Well, well, well friends, it’s that time of year again. That’s right — we’re down to the last 40 days before the British Academy of Film and Television Arts Film Award submission deadline (Oct. 23, for any of you enterprising British filmmakers out there). With the new rules in place, BAFTA is making it clear they strive to be the exact opposite of #OscarsSoWhite.

For those of us less familiar with this groundbreaking precedent as well as the BAFTAs themselves, let me provide a little context. BAFTA is an independent arts charity known for their annual film, television and games awards. Their president is Prince William, but otherwise BAFTA membership is made up of anyone in the entertainment industry who works in British productions. According to the BAFTA website, its mission is to bring “the very best work in film, games and television to public attention, and support the growth of creative talent in the UK and internationally,” and its work “identifies and celebrates excellence, discovers, inspires and nurtures new talent, and enables learning and creative collaboration.” But for most audiences, the BAFTA is simply the British Oscars or another excuse to give endless awards to Maggie Smith for existing.

Another striking similarity the BAFTA has thus far had with the Academy is their lack of diversity in film awards and nominations. In the past 20 years, the only notable win for a representative film has been 2009 Best Film winner “Slumdog Millionaire”. For the BAFTA, there was no envelope mix up in 2017 — though “Moonlight” was nominated, it was “La La Land” (or “La La Bland”) that won.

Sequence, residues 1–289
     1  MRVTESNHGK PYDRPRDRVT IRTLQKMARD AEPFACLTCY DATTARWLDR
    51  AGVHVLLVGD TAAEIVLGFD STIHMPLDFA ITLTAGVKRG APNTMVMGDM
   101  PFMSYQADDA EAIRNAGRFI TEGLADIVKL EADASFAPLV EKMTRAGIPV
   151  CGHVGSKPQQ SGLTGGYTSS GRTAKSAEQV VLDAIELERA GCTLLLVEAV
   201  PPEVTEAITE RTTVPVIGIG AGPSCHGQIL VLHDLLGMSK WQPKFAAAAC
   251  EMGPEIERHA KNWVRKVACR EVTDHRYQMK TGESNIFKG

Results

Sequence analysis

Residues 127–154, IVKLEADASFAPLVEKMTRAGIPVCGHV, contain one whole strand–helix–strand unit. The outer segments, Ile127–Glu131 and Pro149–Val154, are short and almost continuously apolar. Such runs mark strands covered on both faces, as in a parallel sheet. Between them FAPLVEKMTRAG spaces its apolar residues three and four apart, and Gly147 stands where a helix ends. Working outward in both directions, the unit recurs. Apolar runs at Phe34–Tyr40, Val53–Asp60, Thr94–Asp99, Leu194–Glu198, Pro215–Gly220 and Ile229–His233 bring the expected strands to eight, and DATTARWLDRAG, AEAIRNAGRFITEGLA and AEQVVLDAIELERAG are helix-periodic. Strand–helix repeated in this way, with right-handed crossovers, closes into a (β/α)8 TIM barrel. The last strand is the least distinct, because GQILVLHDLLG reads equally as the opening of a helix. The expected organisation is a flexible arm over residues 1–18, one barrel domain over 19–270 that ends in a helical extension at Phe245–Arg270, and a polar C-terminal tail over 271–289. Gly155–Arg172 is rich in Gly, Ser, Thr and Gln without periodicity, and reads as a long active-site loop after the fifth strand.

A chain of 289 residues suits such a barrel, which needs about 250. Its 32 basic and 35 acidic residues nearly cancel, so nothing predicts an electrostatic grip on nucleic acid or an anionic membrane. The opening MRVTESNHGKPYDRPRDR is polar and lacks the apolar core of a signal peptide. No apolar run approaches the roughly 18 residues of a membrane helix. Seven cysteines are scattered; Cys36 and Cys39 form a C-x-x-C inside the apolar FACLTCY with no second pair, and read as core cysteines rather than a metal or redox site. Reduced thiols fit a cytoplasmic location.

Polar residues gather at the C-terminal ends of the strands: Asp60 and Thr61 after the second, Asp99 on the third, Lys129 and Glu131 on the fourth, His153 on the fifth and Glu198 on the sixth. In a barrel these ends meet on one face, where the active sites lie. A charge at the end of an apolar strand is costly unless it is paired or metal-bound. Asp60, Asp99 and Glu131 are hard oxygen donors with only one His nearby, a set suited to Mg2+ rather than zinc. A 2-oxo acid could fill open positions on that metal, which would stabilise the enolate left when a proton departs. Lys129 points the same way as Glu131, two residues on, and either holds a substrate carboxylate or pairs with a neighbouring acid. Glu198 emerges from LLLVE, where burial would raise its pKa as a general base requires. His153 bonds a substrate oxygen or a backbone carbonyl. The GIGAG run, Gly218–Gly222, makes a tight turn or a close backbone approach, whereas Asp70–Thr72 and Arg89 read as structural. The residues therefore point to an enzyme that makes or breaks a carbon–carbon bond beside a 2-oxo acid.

However, in a dazzling display of commitment to inclusivity and representation, the BAFTA announced June 19 feature films must meet at least two of four diversity standards:

  1. On-screen representation, themes and narratives
  2. Project leadership and creative practitioners
  3. Industry access and opportunities
  4. Opportunities for diversity in audience development

It is really important to note these standards address every step of the filmmaking process — from non-discriminate audition casting to underrepresented groups receiving key roles behind the screen as directors, screenwriters and producers, from creating opportunities for under-represented groups to advance in the entertainment industry through mentorship and promotions to ensuring films are accessible for all audience members — the BAFTA is demanding that diversity and inclusivity be the norm.

If I hadn’t already made it clear, I am very excited for these requirements. As a Brown woman in the audience, I’m hoping the films meet standards A and B most. I want my representation to be as visible as possible on the largest possible screens with stories that haven’t been told before with directors and writers familiar with the material because it is their own experience as well. I hope introducing these standards means that films like “Crazy Rich Asians” aren’t one-offs and that films like “Get Out” get the award recognition they deserve. The BAFTAs are considered one of the best indicators of Oscar winners — I’m hoping this inspires the the Academy of Motion Picture Arts and Sciences to adopt these standards for their own awards. And while there’s a part of me that doesn’t like that it takes rules and legalese from prestigious award entities to encourage our film landscape to reflect the rich stories of marginalized communities, the rest of me is happy to take this as a win.

So what does this mean when I watch the BAFTA Awards show in February? Hopefully fewer awards for Benadryl Cucumber (no hard feelings, Sherlock, you’re just oversaturated in the current film and television scene) and more for my man Riz Ahmed. Or Idris Elba. They both look excellent in suits.

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